{
  "email_address": "[email protected]",
  "_uid": "123e4567-e89b-12d3-a456-426614174000",
  "utm_campaign": "exciting_campaign",
  "url": "www.lytics.com/get-started",
  "event_type": "page-view"
}

Based on the data from the event, we might consider some of the following mappings:

  • email_address: no transformation performed, and takes the value of the email as-is.
  • email(email_address): use the email function to validate that the email address is syntactically valid.
  • email(oneof(email_address, emailAddress)): coalesce either email_address or emailAddress to extract the value of the email address.
  • count(event_type) IF event_type == "page-view": sets up a counter to track page views, only if the event is of type "page-view".

Creating a Mapping

To create a mapping visit Mappings under the Schema tab in the main navigation at the left of your window. Here you will find a list of all current mapping definitions. Clicking on + Create New will enter the mapping creation wizard.

The mapping creation wizard has a single step where you will define a few parameters related to your new mapping.

  • Stream: The name of the stream for which to apply the mapping to.
  • Expression: The rules to apply to the mapping.
  • Condition: An optional condition statement of when to apply the mapping.

Maintaining Mappings

Since mappings depend on the data available to a stream, monitoring that things are working as desired is important. For instance, if a key changes or stops streaming entirely, it may negatively impact your profiles and, ultimately, your marketing efforts. As such, the mapping summary view is available to review the health of mappings and provide a path for editing mappings in the future if necessary.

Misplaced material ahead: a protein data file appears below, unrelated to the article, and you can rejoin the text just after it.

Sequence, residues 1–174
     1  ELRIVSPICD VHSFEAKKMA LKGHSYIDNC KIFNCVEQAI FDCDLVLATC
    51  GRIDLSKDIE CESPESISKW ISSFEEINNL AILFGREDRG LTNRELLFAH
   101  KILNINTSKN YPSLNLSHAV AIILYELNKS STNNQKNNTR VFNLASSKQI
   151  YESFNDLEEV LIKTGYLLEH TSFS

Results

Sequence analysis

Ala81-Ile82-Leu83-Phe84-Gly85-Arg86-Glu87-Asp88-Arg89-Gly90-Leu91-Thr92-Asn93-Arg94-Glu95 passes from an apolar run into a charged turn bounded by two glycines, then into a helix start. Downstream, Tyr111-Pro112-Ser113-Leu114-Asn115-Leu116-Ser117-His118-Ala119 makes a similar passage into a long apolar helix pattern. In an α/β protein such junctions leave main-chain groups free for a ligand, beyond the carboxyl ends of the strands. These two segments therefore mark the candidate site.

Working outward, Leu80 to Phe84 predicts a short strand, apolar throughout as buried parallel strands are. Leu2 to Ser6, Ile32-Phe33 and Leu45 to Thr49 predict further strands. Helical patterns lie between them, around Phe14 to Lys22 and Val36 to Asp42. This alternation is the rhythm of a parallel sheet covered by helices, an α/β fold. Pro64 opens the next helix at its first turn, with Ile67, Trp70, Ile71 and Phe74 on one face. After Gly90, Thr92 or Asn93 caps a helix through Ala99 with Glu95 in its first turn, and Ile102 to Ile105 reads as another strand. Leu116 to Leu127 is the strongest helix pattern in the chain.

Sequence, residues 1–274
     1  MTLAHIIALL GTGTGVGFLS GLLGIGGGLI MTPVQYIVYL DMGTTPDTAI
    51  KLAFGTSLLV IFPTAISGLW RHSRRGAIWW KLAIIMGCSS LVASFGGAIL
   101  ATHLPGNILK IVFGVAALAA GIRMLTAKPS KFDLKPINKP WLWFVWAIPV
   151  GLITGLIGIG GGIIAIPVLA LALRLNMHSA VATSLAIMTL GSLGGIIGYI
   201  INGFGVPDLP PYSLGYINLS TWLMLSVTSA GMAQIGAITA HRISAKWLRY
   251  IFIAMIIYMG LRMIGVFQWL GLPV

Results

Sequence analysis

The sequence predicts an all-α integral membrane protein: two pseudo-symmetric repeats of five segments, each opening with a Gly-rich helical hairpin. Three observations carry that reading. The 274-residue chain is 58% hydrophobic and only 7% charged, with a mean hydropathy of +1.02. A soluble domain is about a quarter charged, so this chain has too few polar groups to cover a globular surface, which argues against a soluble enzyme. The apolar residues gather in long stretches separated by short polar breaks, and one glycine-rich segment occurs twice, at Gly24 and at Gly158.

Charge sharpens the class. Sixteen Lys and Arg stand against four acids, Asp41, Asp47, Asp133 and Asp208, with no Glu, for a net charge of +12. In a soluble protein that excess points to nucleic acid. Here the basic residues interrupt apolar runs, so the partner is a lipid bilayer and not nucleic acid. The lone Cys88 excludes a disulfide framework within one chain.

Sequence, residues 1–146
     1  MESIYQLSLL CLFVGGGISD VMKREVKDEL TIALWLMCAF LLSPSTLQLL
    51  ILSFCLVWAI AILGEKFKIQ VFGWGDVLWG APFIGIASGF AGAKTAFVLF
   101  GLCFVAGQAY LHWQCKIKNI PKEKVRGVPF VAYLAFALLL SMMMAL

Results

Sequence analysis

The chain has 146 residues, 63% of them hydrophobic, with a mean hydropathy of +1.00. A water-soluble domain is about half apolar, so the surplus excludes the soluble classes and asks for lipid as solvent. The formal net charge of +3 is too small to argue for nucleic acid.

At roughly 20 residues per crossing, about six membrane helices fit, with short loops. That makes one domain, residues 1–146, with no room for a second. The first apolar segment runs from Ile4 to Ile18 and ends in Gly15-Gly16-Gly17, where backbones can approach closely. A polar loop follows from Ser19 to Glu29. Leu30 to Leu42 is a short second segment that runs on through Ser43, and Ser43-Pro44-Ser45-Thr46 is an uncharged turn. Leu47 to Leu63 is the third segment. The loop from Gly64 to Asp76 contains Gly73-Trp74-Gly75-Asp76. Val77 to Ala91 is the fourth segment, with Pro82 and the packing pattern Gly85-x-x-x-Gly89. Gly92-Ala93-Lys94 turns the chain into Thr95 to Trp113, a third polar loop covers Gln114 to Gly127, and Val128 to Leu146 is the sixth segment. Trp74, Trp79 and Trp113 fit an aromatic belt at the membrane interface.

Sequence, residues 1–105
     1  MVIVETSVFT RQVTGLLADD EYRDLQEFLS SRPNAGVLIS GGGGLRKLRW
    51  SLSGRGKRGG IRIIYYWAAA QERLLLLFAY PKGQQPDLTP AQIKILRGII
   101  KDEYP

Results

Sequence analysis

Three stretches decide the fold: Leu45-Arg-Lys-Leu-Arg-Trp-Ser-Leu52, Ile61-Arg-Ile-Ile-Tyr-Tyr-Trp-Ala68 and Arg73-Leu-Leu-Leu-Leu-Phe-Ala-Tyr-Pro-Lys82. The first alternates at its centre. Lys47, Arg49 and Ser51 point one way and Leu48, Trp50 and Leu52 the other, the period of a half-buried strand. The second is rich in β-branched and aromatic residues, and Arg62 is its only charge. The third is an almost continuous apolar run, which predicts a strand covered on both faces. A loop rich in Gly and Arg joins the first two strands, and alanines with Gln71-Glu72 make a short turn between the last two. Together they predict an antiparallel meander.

Deleting Mappings

Sometimes you may want to remove a mapping from your schema altogether. This can be done from the mapping summary pictured above. Simply click the menu with three docs to the right of Edit Mapping and you will be presented with a sub-menu. This menu contains a Delete option.

🚧

Deleting a mapping can have major implications once the change has been published. It is important to understand the implications of deleting a mapping and how it will impact how data is processed and mapped to user profiles.

What happens when I delete a mapping?

As shown in the screenshot above, selecting and confirming deletion will not have an immediate impact. The delete will request will be referenced in the unpublished version of your schema. You must publish a new version of your schema for the changes to take effect. At that point, it is crucial to understand the following:

  • Data previously collected via the mapping being deleted will remain on the profile as mapping changes only impact event processing from when the change has been published.
  • Fields associated with the mapping will not be impacted or deleted.